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June 2019 E-Newsletter

How To Take The Heat Off Your Summer Budget

piggy-bank-166513010.jpgSummertime brings more than sunburns and barbecues — it can also send your monthly expenses through the roof. But with a little work now, you can enjoy the hot season and avoid pinching pennies in the fall.

“Ideally, one saves a little bit of money in each of the cooler months and then spends down those funds in the summer,” says Michael Schupak, founder of Schupak Financial Advisors in West New York, New Jersey. But, if you’ve failed to plan your budget that far ahead, all is not lost.

Saving on travel
Plan vacations wisely, paying for as much as possible in advance. Lodging, transportation and entertainment in many cases are less expensive when booked ahead. And getting started early means there will be less scrambling for money later.

If you’re down to the wire and don’t have enough money for a big trip, visit family who’ll put you up or plan a staycation this year. Crashing on a relative’s couch or being a tourist in your town may not be a dream vacation, but it is still a break and can give you a head start on saving for next year’s trip.

Saving while at home
On the homefront, find out if your utility company offers a flat rate plan. This can spread power, heating and cooling costs across 12 equal monthly payments, eliminating spikes on your bill caused by more people, like school-age children, being at home during the day in summer.

Older children home for the summer may spend their days raiding the fridge. Couponing is one way to save on groceries, but it can take a lot of effort to see measurable payoff. Instead, encourage your kids to cook and limit convenience foods — those that are easy to eat mindlessly — on your shopping list.

If you are looking for supervised activities for younger children, an overnight summer camp or full-time day care, generally the most expensive choices, aren’t the only options. If you didn’t budget for these big-ticket items, look for local day camps, which are often run by religious or community organizations and parks departments and are a fraction of the cost of child care.

For next year, Schupak recommends estimating how much expenses climb in the summer and setting aside — through automation, if possible — a portion of each paycheck for a summer fund.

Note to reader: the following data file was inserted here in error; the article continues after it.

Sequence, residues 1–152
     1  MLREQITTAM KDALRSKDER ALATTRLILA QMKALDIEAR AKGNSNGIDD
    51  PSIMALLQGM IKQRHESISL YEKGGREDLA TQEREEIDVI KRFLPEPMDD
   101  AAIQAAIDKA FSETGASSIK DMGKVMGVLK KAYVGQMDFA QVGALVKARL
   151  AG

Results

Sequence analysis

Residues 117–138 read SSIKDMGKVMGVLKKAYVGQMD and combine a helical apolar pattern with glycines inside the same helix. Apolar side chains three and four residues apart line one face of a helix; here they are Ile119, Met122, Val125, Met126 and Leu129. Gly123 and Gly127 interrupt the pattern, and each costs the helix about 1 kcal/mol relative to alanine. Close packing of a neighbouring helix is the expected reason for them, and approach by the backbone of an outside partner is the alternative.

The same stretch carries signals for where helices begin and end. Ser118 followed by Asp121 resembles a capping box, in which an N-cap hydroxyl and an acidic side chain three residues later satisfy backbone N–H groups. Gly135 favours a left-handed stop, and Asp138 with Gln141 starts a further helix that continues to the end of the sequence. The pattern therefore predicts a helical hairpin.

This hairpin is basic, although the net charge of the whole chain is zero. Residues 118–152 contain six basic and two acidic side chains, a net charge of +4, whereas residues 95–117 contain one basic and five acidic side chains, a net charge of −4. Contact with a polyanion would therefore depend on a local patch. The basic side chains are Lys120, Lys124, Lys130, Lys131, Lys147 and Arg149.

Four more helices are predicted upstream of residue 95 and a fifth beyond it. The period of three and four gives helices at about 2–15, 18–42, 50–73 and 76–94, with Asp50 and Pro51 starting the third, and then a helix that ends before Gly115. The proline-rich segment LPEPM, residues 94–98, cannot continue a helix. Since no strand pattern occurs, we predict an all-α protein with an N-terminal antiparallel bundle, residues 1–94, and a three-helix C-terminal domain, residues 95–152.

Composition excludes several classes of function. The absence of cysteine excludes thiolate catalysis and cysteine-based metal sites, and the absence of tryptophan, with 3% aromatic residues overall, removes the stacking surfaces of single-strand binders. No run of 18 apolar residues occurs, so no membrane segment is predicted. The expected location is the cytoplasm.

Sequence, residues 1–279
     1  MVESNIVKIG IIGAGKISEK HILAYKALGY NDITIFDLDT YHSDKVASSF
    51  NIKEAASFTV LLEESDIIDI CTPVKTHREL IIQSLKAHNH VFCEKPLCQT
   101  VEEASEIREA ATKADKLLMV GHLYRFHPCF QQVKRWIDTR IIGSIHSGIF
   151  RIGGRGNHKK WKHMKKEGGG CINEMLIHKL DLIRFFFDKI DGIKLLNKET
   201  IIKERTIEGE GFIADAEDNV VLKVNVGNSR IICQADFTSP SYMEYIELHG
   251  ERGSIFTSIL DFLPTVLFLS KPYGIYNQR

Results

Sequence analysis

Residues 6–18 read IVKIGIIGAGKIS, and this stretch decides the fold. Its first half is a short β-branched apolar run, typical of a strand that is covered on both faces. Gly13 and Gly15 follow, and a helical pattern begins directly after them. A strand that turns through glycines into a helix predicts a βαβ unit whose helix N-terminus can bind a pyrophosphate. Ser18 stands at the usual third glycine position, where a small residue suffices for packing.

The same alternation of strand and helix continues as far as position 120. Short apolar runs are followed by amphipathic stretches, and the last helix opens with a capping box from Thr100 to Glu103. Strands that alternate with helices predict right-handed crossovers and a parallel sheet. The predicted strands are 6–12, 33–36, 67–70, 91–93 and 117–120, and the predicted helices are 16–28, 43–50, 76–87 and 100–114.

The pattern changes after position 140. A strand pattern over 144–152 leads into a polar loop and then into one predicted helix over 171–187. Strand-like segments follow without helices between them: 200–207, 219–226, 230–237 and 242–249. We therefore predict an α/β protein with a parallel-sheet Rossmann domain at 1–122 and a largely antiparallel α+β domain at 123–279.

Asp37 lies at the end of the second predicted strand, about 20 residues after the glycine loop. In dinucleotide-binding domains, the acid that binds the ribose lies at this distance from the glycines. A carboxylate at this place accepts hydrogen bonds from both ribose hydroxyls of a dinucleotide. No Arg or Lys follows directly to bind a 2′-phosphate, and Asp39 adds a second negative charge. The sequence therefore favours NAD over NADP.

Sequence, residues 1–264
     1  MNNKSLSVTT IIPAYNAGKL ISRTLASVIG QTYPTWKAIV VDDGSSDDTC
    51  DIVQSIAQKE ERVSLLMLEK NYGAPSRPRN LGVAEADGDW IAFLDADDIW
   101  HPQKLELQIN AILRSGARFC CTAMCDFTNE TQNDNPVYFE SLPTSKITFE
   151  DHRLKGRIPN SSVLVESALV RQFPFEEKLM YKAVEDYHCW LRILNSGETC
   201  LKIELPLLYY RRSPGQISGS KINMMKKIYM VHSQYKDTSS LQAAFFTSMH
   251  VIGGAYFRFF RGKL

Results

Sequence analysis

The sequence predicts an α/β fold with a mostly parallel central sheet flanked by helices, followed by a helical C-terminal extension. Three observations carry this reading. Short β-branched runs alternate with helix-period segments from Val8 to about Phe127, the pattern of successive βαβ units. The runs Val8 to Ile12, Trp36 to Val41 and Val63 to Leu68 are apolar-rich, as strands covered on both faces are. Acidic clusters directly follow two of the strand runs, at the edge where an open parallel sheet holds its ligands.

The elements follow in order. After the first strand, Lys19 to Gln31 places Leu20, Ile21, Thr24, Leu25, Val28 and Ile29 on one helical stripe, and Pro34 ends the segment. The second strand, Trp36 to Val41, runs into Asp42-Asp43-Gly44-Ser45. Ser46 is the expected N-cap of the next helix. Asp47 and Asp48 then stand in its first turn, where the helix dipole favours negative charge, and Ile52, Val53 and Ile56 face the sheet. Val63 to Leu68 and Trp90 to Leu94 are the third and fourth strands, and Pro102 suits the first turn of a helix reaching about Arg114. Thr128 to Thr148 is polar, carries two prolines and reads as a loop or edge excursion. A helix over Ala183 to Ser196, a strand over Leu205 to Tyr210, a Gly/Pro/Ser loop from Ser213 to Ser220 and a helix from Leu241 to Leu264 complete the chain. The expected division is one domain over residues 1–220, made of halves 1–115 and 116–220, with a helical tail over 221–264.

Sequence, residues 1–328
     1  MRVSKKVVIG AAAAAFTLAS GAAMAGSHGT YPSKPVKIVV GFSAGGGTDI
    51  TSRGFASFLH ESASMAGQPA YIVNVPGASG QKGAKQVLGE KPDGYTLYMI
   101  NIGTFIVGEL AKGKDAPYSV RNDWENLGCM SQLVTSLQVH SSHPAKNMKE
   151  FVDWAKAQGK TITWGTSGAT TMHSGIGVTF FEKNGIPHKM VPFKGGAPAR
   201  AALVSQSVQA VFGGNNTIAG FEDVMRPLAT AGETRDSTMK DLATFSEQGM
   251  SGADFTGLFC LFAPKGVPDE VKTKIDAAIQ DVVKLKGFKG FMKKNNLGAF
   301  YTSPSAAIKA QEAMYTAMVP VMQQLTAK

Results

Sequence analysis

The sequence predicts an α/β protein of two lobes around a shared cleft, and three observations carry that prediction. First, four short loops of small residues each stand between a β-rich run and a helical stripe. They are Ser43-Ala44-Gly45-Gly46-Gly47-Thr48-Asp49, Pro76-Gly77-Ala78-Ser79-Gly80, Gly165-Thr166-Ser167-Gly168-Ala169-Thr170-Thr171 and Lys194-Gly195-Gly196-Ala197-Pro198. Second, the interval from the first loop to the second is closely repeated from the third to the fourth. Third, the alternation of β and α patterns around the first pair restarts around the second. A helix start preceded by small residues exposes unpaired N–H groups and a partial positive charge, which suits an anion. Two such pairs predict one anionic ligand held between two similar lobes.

The article How To Take The Heat Off Your Summer Budget originally appeared on

How Being Neighborly Can Save You Money

NeighborsScott King is the guy with the chainsaw. When neighbors need to hack down a stump, they borrow his, rather than buy or rent one. His friends in the Dallas neighborhood of Sparkman Estates help him, too. He borrows Shelby’s ladders, Mark’s spare bike parts, Carl’s tiller and Ryan’s fertilizer spreader. It costs him nothing — just the time it takes to walk to the neighbor’s house and maybe enjoy a beer while he’s there.

Sharing a chainsaw is one of many ways you (and your neighbors) can save money. Get to know the people around you, and they may feed your dog while you’re away, recommend an affordable plumber or give you their extra umbrella. So start connecting.

Ways to connect with neighbors

Friendly waves and “how-you-doings” can certainly lead to fruitful friendships. But to expand your network and money-saving opportunities, check out these free online forums:

Facebook groups: Search for groups specific to your neighborhood, in which neighbors may share items and services they’re giving away or selling.

The Buy Nothing Project: Check whether your community has a Buy Nothing Project Facebook group, in which members post items they want to give away, lend or share without any money or services exchanged. To see whether your neighborhood has a Facebook group, visit and browse groups by location.

The Freecycle Network: This forum emphasizes keeping items out of landfills, so members give away unwanted items, rather than pitch them. Search to find a group near you.

Nextdoor: This is an app and private social network for your neighborhood in which members share information, give and receive recommendations and post items they’re selling or giving away. Search to find your neighborhood.

How to save money

Try these tactics using the forums above or through in-person interactions.

Get free (or discounted) stuff
You may be surprised by what people are willing to give away, often because they’re moving or don’t feel like reselling or returning something. Marcello Orlando, lead moderator of the Freecycle Network group in Somerville, Massachusetts, has received a couple of laptops, two couches and a window air-conditioner unit through Freecycle.